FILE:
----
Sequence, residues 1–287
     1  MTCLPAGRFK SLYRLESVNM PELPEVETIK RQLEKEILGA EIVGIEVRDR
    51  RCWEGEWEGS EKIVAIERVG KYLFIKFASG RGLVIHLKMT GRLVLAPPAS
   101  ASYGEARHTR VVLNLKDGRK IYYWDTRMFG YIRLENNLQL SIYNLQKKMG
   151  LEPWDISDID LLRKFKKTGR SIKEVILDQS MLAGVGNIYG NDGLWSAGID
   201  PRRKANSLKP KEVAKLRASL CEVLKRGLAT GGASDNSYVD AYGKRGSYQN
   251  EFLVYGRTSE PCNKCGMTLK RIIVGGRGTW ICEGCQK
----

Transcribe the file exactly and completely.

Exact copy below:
Sequence, residues 1–287
     1  MTCLPAGRFK SLYRLESVNM PELPEVETIK RQLEKEILGA EIVGIEVRDR
    51  RCWEGEWEGS EKIVAIERVG KYLFIKFASG RGLVIHLKMT GRLVLAPPAS
   101  ASYGEARHTR VVLNLKDGRK IYYWDTRMFG YIRLENNLQL SIYNLQKKMG
   151  LEPWDISDID LLRKFKKTGR SIKEVILDQS MLAGVGNIYG NDGLWSAGID
   201  PRRKANSLKP KEVAKLRASL CEVLKRGLAT GGASDNSYVD AYGKRGSYQN
   251  EFLVYGRTSE PCNKCGMTLK RIIVGGRGTW ICEGCQK